What is Non-Discrimination Testing?
Nondiscrimination testing is required for qualified retirement plans to ensure that benefits under the plan do not discriminate in favor of officers, owners, shareholders, employees in authority of other employees or any other employee classified as a highly compensated employees (HCEs).
WHY WHERE THE NON-DISCRIMINATION TESTING REGULATIONS CREATED?
These regulations were created to prevent retirement plans from discriminating in favor of Highly Compensated Employees.
WHAT ARE THE CATEGORIES OF THE NON-DISCRIMINATION TESTING?
- Compliance Testing (ACP/ADP)
- Top-Heavy Testing
- Minimum Coverage & Participation Testing
WHAT ARE THE ANNUAL LIMITS THAT MUST BE MAINTAINED EACH YEAR?
- Sections 402(g) – Annual Pre-tax Limit
- 415 Limitation Testing – Annual Contribution Limit
- 401(a)(17) – Annual Compensation Limit
WHAT IS COMPLIANCE TESTING?
Compliance Testing measures whether a plan discriminates in favor of an HCE. Compliance testing became necessary as a result of the Tax Reform Act of 1986 and the re-defining of permissible contribution and deferral opportunities available to HCEs covered under IRS-qualified 401(k) plans and after-tax savings plans.
WHO IS CONSIDERED A HIGHLY COMPENSATED EMPLOYEE?
An HCE is defined as a 5% owner of the business in either the current or prior year and/or an employee who earned in excess of $115,000 in the previous (2012) plan year. All other employees are considered Non-Highly Compensation Employees (NHCE).
HOW DO YOU DETERMINE IF A PLAN DISCRIMINATES IN FAVOR OF AN HCE OR KEY EMPLOYEE?
In order to determine if a plan does not discriminate in favor of HCEs, There are 3 tests that must be performed. They are as follows:
- The Actual Deferral Percentage (ADP) and the Actual Contribution Percentage (ACP). The ADP tests 401(k) and Roth contributions and ACP tests after-tax and employer matching contributions.
- The Top Heavy Test tests the account balances of key employees vs. non-key employees.
- Minimum Coverage Test – Tests the population of HCEs vs. NHCEs
HOW DOES TESTING THE 401(K) CONTRIBUTIONS WORK?
The Actual Deferral Percentage (ADP) applies to the employee pre-tax and/or Roth contributions. The ADP for HCEs and NHCEs is determined by calculating the contribution percentage for each individual in the group, then adding these percentages together and dividing by the total number of participants in the group to determine the average for the group. A separate application of the test is made to determine if the ADP of the HCEs fall within the limit that is determined by the ADP of the NHCEs.
HOW DOES TESTING NON-401(K) CONTRIBUTIONS WORK?
The Actual Contribution Percentage (ACP) applies to the employer matching contributions and employee after-tax contributions. The ACP for HCEs and NHCEs is determined by calculating the contribution percentage for each individual in the group, then adding these percentages together and dividing by the total number of participants in the group to determine the average for the group. The ACP of the HCE must be in an acceptable limit. This limit is determined by the ACP of the NHCEs.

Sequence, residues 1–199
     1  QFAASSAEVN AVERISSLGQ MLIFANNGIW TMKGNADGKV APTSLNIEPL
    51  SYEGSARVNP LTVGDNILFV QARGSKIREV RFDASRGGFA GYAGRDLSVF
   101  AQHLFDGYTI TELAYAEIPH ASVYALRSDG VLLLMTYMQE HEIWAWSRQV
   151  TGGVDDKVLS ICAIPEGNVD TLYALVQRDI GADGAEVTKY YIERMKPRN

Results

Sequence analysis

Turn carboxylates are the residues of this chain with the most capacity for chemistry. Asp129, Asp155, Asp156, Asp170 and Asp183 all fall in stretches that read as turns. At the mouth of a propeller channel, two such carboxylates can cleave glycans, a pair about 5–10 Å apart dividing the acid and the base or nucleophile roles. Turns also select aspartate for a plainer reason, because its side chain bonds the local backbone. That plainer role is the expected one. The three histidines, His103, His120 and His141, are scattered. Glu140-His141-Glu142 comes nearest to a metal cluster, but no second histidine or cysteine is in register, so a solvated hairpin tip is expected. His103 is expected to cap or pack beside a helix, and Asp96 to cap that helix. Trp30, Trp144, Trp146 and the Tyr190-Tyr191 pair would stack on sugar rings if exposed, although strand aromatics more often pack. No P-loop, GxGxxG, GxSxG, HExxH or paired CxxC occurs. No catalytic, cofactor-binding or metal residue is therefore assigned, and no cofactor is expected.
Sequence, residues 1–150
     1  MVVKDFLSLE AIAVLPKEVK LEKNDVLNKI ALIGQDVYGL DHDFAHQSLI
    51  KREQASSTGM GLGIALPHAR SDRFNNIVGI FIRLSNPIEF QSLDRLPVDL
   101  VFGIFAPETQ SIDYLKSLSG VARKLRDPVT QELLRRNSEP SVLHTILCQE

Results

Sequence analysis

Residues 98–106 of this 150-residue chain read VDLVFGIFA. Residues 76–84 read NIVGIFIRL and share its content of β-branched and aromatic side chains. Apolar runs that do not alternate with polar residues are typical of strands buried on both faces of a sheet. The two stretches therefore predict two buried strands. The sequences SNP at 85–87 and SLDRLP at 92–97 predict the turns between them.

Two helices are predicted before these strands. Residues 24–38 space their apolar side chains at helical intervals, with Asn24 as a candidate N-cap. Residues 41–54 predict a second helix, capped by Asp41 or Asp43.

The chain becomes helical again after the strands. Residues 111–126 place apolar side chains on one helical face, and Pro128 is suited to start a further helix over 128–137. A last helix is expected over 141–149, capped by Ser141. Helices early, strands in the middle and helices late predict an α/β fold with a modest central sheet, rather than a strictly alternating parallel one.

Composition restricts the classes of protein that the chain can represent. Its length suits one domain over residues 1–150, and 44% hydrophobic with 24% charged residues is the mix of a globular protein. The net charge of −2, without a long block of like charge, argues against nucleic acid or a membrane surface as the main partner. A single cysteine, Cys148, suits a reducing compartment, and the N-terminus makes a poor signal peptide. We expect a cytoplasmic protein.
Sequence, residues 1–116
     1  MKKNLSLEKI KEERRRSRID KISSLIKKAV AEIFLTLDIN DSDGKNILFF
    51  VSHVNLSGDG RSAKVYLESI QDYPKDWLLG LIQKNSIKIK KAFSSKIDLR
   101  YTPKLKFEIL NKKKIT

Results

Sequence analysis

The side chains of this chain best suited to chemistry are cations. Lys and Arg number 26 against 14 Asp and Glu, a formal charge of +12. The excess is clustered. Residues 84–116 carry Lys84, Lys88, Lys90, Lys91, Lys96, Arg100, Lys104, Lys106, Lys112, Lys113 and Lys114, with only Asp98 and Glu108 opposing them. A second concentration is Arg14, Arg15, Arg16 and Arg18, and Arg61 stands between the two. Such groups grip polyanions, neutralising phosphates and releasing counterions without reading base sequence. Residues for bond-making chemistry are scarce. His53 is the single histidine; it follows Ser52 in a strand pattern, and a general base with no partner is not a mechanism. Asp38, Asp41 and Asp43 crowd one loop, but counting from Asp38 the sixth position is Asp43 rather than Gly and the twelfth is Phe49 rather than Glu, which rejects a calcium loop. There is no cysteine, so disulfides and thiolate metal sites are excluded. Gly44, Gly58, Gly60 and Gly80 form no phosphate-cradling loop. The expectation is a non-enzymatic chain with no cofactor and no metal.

WHAT ARE THE ADP/ACP TESTING REQUIREMENTS?
On the last day of the play year, the plan will satisfy the ACP and ADP rules if either the 1.25% Test or the 2 Times/2% Test is satisfied.
- 1.25% Test- The ACP/ADP of the highly compensated group cannot be more than 1.25% times the ACP/ADP of the non-highly compensated group.
- 2 Times/2%/ Test- The ACP/ADP of the highly compensated group cannot be more than 2 times the ACP/ADP of the non-highly compensated group. The ACP/ADP of the highly compensated group cannot be more than 2 percentage points higher than the ACP/ADP. Which ever is less of these two tests is applied.
WHAT HAPPENS IF A TEST FAILS?
If a test fails the ADP test, employee pre-tax contributions may need to be refunded to certain HCEs. Corrections are determined by starting with the HCE deferring at the highest percent; the HCE who deferred the highest percent is reduced down to the HCE who deferred the next highest and so on until a deferral percent is reached that ensures the plan will pass the test.
Then take the adjusted deferral percent and multiply it by each of the reduced HCEs current year compensation and subtract the calculated amount form the original amount deferred to get the total amount that needs to be refunded from the plan.
Then determine the distribution amount for each HCE, starting with the HCE who contributed the most and bring the participant down to the next highest HCE to see if the satisfies the amount needs to be refunded and so forth until the amount to be refunded out of the plan is allocated among the HCEs.
HOW DO YOU MINIMIZE THE PROBABILITY OF REFUNDS?
To minimize the likelihood of HCEs receiving refunds you may want to take advanced planning steps to minimize any uncertainty and the consequences of the testing process. Some approaches to adopt are:
- Make plan participation more attractive to lower-paid employees through plan redesign, adding more investment options, improving vesting schedules, adding a plan loan feature, or making withdrawal provisions more liberal.
- Adopt the “prior-year” testing method. The prior-year testing method compares the ADP/ACP of the NHCEs from the prior plan year to the ADP/ACP of the HCEs for the current year. This method allows the employer to know ahead of time how much the HCEs can contribute, on average, for the current plan year.
- Increase the plan’s matching formula, by changing the matching formula. Consider that employees aim for a level at which their salary will be matched and may not contribute if no match is available. The match should be enough to encourage NHCEs to select higher payroll deduction rates.